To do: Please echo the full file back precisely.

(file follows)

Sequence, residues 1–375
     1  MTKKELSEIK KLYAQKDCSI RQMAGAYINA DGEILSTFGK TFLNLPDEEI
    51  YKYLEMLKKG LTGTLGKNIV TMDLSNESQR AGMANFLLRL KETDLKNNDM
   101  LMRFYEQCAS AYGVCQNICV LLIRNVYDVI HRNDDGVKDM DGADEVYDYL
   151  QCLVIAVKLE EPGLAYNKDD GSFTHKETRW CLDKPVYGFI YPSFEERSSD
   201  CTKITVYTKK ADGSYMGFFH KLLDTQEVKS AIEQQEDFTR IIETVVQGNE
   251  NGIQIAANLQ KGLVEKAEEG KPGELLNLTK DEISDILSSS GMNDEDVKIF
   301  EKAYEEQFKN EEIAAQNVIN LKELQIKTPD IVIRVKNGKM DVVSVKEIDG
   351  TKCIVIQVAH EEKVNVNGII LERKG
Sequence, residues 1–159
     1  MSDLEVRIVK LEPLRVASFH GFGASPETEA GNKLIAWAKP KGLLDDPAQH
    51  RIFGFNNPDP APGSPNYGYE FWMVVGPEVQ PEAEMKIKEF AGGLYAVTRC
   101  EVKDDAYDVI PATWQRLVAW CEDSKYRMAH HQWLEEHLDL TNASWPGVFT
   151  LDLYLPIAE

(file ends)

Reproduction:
Sequence, residues 1–375
     1  MTKKELSEIK KLYAQKDCSI RQMAGAYINA DGEILSTFGK TFLNLPDEEI
    51  YKYLEMLKKG LTGTLGKNIV TMDLSNESQR AGMANFLLRL KETDLKNNDM
   101  LMRFYEQCAS AYGVCQNICV LLIRNVYDVI HRNDDGVKDM DGADEVYDYL
   151  QCLVIAVKLE EPGLAYNKDD GSFTHKETRW CLDKPVYGFI YPSFEERSSD
   201  CTKITVYTKK ADGSYMGFFH KLLDTQEVKS AIEQQEDFTR IIETVVQGNE
   251  NGIQIAANLQ KGLVEKAEEG KPGELLNLTK DEISDILSSS GMNDEDVKIF
   301  EKAYEEQFKN EEIAAQNVIN LKELQIKTPD IVIRVKNGKM DVVSVKEIDG
   351  TKCIVIQVAH EEKVNVNGII LERKG
Sequence, residues 1–159
     1  MSDLEVRIVK LEPLRVASFH GFGASPETEA GNKLIAWAKP KGLLDDPAQH
    51  RIFGFNNPDP APGSPNYGYE FWMVVGPEVQ PEAEMKIKEF AGGLYAVTRC
   101  EVKDDAYDVI PATWQRLVAW CEDSKYRMAH HQWLEEHLDL TNASWPGVFT
   151  LDLYLPIAE